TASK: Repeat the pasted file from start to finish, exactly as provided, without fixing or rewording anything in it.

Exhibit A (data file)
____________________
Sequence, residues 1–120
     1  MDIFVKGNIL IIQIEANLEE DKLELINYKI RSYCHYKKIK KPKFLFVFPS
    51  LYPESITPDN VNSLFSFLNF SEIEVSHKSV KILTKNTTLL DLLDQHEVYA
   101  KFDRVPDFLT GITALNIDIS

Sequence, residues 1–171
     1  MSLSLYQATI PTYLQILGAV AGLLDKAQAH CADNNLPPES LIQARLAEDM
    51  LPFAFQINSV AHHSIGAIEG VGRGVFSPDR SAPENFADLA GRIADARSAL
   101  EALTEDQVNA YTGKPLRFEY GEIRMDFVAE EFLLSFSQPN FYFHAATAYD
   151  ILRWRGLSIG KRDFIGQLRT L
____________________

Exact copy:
Sequence, residues 1–120
     1  MDIFVKGNIL IIQIEANLEE DKLELINYKI RSYCHYKKIK KPKFLFVFPS
    51  LYPESITPDN VNSLFSFLNF SEIEVSHKSV KILTKNTTLL DLLDQHEVYA
   101  KFDRVPDFLT GITALNIDIS

Sequence, residues 1–171
     1  MSLSLYQATI PTYLQILGAV AGLLDKAQAH CADNNLPPES LIQARLAEDM
    51  LPFAFQINSV AHHSIGAIEG VGRGVFSPDR SAPENFADLA GRIADARSAL
   101  EALTEDQVNA YTGKPLRFEY GEIRMDFVAE EFLLSFSQPN FYFHAATAYD
   151  ILRWRGLSIG KRDFIGQLRT L